WASHINGTON — Seven months after the attack on a U.S. diplomatic mission in Libya, the Obama administration on Wednesday insisted that it was making progress in holding accountable those responsible for killing Ambassador Chris Stevens and three other Americans.
Testifying before the House Foreign Affairs Committee, Secretary of State John Kerry said the U.S. has identified people it believes were involved in the Benghazi attack. FBI investigators are still combing through video and other evidence gathered from largely lawless eastern Libya, he said.
Kerry, however, didn't say if any suspect has yet been arrested, detained or otherwise targeted by American or Libyan authorities — a lingering black eye for an administration that has repeatedly promised justice.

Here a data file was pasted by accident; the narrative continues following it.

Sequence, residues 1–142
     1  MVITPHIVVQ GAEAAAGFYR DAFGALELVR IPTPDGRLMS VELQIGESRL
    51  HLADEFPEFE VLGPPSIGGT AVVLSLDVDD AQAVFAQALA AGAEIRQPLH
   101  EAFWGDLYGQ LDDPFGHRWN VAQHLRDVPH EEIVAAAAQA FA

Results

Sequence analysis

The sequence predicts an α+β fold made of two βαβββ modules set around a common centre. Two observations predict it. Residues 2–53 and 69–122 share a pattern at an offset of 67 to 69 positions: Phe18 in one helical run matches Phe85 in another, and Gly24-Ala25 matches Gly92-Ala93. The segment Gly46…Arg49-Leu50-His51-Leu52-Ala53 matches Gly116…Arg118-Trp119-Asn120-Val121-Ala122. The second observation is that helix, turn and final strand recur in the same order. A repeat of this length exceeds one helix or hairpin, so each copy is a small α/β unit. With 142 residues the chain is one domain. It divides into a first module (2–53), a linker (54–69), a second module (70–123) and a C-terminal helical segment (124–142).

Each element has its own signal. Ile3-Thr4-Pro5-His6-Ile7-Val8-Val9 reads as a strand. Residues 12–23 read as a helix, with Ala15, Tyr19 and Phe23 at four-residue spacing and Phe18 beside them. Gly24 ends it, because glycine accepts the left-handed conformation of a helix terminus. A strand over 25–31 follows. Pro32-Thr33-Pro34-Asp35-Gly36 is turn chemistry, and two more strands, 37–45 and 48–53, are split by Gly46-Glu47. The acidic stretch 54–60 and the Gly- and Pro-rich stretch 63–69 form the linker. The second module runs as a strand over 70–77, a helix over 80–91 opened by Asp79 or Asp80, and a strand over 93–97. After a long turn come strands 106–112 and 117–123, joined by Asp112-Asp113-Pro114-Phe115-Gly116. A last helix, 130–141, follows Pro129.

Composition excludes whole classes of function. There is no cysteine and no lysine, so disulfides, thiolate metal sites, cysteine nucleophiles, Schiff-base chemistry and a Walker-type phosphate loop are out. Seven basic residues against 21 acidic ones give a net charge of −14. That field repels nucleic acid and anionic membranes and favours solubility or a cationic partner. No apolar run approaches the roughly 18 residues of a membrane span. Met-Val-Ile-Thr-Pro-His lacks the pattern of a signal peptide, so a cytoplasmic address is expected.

"We are making progress," Kerry said. "There's video, as you all know. We have identified people. And they are building a case."
The former Massachusetts senator, testifying before Congress for the first time as secretary of state, fielded several angry questions from Republican lawmakers over the administration's diplomatic security posture ahead of the attack and its real-time response to violence in a city that served as the base for the U.S.-backed rebels who overthrew dictator Moammar Gadhafi a year-and-a-half ago. They included President Barack Obama's oft-repeated but until now entirely unfulfilled declaration to hold Benghazi's perpetrators accountable.
Kerry repeated his boss' pledge to "do what was necessary to bring somebody to justice," without elaborating on the progress he cited.